Chuka Umunna – A pro on what Labour must be pro if we are to win again
During Phil Collins’s gentle jousting with Chuka Umunna today, their savvy wit was evident. While light-hearted at times (always a boon at conference) there was much substance.
First dodging the brickbat of why hasn’t Labour apologised more on the economy: “we’ve learnt the lessons of the crash” and the debt and deficit rose due to falling tax receipts not profligacy. This is a line that hasn’t resonated enough yet.
Chuka does the big picture well and was expansive on the three challenges Britain faces: “delivering social democracy in a fiscal cold climate, transformative technology, and global competition”.
Politely disagreeing with a questioner on modern technologies he argued that they shouldn’t be feared and can help “transform public services”.
He’s keen to utilise and promote the dynamic and the new, not build up defensive walls against it. Handing out certificates at school in his patch, he’d told the kids that they’re up against others from “Mumbai and Singapore who perhaps want it more as they’ve had perhaps had to struggle more”. Teachers and parents appreciated the straight-talking about how globalisation cannot be turned back. He’s right: dealing with such challenges starts in the classroom and goes way beyond there.
The wit was there, from Collins of course, but while refuting the “nonsense” charge that Labour isn’t sufficiently pro-business, Chuka reminded all that New Labour weren’t exactly flush with business endorsement in ’97, having been “elated to get Richard Branson on a train with Tony Blair”! It was good to hear what should be both a defence against the anti-business charge, and an attack on the newly the newly rejuvenated europhobes of Cameron’s Tories: that “the biggest concern of British business is our exit from the EU”.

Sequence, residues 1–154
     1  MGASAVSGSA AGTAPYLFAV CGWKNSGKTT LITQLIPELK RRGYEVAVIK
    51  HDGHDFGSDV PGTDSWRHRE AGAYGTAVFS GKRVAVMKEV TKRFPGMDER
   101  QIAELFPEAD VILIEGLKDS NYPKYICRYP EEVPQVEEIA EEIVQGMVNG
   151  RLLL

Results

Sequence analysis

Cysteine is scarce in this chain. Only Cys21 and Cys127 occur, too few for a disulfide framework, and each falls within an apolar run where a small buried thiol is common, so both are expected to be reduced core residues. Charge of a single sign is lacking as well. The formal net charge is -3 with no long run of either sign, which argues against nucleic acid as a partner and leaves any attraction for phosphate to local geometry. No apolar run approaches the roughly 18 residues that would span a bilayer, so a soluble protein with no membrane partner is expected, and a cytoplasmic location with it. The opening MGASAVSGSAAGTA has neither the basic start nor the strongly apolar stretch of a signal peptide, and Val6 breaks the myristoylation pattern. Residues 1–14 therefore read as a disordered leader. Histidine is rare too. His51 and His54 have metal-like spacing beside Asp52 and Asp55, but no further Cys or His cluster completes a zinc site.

In 2012, he’d chaired an event on entreprensurship and small business for the organisation I chair, Pragmatic Radicalism. What more, I asked, ought all members and CLPs do to reach out to local businesses, not just unions and community groups (vital though this is)? He’d championed Small Business Saturday and flagged up this year’s on 6 December, also CLPs should engage with Business Improvement Districts. I’ve long thought that we can’t just rely on Chuka to defeat the Tory lie that we don’t “get” or like business. We’re the party of work after all.
He touched on last week’s referendum, concluding that we need not just “big ideas” but a “big tent” and reminding us that the1997 tally of 59 southern English Labour MPs now stands at 10.
Of course Chuka wouldn’t be interested in any future leadership election, quipped Collins, to much merriment and wry smiles, but which colleagues “might be contenders”? Cool as a cucumber, Chuka retorted “there’s only one person to look out for: Prime Minister Miliband”! There were smiles too when Collins asked why Len McCluskey got slightly more rapturous applause than greeted him: “Len and I have different roles”. He was respectful but confidently deflected this sidewinder.
We all know Chuka’s a pro. But I’d rather focus on the substance not the style. He set out some things from his portfolio that we as a Labour Party must be “pro” in order to win in May. Pro-business, pro-getting business talking to primary students, pro-entrepreneurship, pro-social enterprise, pro-raising the status of youth workers, pro-straight talking. I forgot one last one…pro-Ed Miliband. Sounds like a winning formula for Chuka and Labour.
**Thank you to the good people at Fujitsu for letting me type this in their zone!**
John Slinger is a strategic communications consultant and Chair of Pragmatic Radicalism. He blogs here http://slingerblog.blogspot.com